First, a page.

Below the last tunnel were more chains and steel pitons to cling to as you made your way down the cliff face. Adding to the difficulty, the wind was blowing the spray from the falls toward the cliff, leaving a slippery sheen on everything, including the moss-covered wood ladders at the bottom.
The climb was not for the faint of heart, and Dave, who had three new stents in his own heart, joined about a dozen of the German students who decided to enjoy the view from the top.
Those who made their way down were rewarded with a rope swing hung from a tree limb that deposited the willing into one of the deep, blue pools.
Dining at the cafe with the dogs again that night, Doug, the California dude, lamented that his lone T-shirt was wearing out its welcome. "Here's coffee from yesterday morning, purple juice from the fruit of a prickly pear cactus, red Mooney mud — and however many gallons of sweat it took to get down there," he said.
Don appraised his buddy's dinner attire.
"You're wearing our whole itinerary," he said.
The eight-mile hike to the top of the canyon, where our car was parked, was strenuous only in the last mile, which was a pulse-pounding climb up switchbacks. Three of us took the easy way out, paying $85 each for the one-way helicopter ride.
An Indian with a knit cap in yellow, green and black Jamaican colors hosed down the roads to control the dust before the helicopter landed in the town ballfield. The flight followed the trail, and we could see hikers and horse trains below.
This was not a scenic tour, and lasted five minutes or so. The copter skimmed the rim so close that we held our breath.
Only Don had decided to walk out, and left at 5 a.m. so he could be at the top when we arrived airborne around 10 a.m. "You'll probably be riding out in those port-a-potties," he said.
Don was heading toward the helicopter pad when we set down.
"It was awesome," he said. "The first 45 minutes, I was walking in the dark with my headlamp. The dogs were laying along the side of the road and I could see their eyes glowing. It was eerie.
"The last section was a killer. My calves are hurting and I've got something going on with my shoulder."
But his hair was perfect.
IF YOU GO:
GETTING THERE: From Las Vegas, head south on U.S. 93 to Kingman, Ariz., where you catch historic Route 66 to Peach Springs, Ariz. Seven miles east of Peach Springs is Route 18, which takes you 60 miles to the canyon rim at Hualapai Hilltop, where there is a large parking lot for your vehicle.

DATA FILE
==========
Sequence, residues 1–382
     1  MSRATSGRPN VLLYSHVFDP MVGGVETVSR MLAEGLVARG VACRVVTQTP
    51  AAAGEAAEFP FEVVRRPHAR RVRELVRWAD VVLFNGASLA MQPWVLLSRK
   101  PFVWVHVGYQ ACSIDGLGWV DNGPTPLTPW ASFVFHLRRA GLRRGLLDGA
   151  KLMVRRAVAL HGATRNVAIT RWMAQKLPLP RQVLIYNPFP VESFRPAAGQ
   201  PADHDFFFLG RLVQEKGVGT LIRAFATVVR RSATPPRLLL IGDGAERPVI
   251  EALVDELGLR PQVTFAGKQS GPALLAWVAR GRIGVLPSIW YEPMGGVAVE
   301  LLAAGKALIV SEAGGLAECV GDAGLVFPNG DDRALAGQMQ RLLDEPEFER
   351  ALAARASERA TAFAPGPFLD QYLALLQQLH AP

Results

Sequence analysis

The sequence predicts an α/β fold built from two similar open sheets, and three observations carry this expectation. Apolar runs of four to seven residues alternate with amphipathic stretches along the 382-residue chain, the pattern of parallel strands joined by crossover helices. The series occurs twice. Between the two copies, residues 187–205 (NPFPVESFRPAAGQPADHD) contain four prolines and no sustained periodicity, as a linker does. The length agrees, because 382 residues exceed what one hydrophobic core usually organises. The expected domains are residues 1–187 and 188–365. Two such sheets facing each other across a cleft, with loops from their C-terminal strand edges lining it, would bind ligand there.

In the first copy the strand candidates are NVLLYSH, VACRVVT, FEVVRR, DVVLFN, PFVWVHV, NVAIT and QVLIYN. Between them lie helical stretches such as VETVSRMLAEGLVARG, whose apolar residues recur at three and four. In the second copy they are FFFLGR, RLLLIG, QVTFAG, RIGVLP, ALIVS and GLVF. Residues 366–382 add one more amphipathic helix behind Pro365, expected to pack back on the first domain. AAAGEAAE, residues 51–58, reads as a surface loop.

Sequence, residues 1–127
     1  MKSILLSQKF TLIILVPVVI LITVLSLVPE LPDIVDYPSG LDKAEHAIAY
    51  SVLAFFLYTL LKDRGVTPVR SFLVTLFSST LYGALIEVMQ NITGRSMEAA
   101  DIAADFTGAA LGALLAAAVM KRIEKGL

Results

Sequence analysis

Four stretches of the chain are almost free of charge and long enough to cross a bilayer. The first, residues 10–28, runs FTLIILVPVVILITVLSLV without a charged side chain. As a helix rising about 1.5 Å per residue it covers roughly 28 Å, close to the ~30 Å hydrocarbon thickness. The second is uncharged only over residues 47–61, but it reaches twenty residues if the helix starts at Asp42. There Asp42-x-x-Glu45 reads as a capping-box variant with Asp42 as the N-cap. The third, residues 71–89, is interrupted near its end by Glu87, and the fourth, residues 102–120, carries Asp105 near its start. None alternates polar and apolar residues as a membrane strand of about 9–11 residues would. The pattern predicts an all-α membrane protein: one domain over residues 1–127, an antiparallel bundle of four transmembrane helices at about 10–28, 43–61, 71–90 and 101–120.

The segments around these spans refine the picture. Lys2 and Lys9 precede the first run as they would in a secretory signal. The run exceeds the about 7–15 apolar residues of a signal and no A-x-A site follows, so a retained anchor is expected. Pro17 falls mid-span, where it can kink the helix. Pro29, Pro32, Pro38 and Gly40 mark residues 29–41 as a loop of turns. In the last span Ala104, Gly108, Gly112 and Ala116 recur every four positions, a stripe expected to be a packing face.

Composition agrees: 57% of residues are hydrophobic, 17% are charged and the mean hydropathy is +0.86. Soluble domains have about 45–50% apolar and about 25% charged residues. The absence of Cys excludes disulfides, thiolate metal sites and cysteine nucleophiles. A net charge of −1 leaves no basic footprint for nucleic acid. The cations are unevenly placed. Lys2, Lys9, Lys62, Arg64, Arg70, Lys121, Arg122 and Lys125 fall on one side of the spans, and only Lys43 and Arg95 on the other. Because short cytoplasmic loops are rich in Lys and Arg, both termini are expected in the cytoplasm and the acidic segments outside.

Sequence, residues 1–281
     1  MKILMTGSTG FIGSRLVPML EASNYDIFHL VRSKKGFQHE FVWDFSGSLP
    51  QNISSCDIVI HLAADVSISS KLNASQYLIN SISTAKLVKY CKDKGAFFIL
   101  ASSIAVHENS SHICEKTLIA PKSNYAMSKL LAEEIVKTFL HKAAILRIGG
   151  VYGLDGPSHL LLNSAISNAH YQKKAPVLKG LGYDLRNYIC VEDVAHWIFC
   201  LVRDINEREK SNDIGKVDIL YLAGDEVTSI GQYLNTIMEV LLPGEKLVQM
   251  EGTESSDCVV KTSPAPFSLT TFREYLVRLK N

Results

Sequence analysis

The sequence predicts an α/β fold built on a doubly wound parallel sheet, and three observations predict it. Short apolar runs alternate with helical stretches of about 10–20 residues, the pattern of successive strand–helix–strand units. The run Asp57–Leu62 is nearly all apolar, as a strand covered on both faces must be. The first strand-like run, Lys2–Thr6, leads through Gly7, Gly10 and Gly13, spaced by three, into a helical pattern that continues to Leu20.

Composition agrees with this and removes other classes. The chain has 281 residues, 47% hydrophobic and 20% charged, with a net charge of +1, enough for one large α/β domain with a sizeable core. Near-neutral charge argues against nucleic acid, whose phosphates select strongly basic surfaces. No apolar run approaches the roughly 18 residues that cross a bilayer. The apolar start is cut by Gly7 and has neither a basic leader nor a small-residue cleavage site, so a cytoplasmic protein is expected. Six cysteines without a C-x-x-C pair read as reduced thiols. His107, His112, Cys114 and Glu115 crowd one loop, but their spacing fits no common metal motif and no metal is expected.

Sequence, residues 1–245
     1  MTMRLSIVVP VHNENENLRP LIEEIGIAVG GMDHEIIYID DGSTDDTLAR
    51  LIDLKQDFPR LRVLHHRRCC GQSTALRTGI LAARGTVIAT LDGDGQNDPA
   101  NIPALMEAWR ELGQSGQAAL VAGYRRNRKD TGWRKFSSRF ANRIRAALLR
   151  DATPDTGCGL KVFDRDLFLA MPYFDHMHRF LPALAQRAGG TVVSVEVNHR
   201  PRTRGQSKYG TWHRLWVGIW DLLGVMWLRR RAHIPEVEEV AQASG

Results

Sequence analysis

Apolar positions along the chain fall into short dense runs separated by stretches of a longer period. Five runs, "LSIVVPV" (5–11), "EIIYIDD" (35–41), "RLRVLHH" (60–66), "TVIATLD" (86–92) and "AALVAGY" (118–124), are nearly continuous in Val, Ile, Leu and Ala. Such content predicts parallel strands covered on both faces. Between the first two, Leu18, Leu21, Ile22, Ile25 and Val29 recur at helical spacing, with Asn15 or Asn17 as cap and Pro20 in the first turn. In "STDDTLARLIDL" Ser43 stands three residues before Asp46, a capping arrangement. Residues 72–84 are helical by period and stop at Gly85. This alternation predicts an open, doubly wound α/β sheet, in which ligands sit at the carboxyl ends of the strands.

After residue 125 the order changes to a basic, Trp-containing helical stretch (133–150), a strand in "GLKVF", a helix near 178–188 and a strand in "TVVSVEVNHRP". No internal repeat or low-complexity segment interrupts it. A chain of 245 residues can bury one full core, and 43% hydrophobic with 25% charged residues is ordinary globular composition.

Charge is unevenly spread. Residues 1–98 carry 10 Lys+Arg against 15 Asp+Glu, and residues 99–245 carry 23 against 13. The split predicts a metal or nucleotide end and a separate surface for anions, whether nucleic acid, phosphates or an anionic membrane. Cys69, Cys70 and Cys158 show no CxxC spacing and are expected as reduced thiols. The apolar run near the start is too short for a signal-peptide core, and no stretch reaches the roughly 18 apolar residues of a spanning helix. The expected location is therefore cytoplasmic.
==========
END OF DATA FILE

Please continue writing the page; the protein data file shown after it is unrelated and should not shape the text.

WHERE TO STAY: Hualapai Lodge (1-928-769-2230, www.grandcanyonresort.com) is a modern motel with a restaurant, operated by the Hualapai Tribe, in Peach Springs. The lodge charges $89.95 a night for two people, and can arrange tours of the Grand Canyon by hike, Hummer, raft, bus and helicopter. Havasupai Lodge (1-928-448-2111) is the only lodging in Supai, in the canyon. The lodge charges $125 a night for a double. There also is a one-time $20 permit fee to enter Havasu Canyon, where Supai is located. The camping fee is $10 per person, per night. For camping information, call 1-928-448-2121.
HORSES AND HELICOPTERS: The fee for entering the canyon by horse is $120, round trip. Riders must be no more than 250 pounds. For those who wish to hike without a pack, the cost for reserving pack mule service is $75 per animal, one way. Each mule is limited to carrying four campers' backpacks, with a total weight of 130 pounds. Airwest Helicopters (1-623-516-2790) offers flights from Hualapai Hilltop to Supai and back on certain days. Papillon Grand Canyon Helicopters (1-800-528-2418) flies from Grand Canyon Airport to the village.
WHAT TO KNOW: Spring and fall are the best time to visit Havasu Canyon. Temperatures during the summer months can reach 110 degrees. The canyon also is prone to thunderstorms and flash floods during July and August. Liquor, drugs, weapons and pets are prohibited on the reservation. There is no water on the trail; plan to pack one gallon per person for the hike. The tribe's general store sells staple groceries, plus meats, fruits and vegetables some of the time, but goods are packed in by mule, so prices are double the norm.
FOR MORE INFORMATION: Visit www.havasupaitribe.com.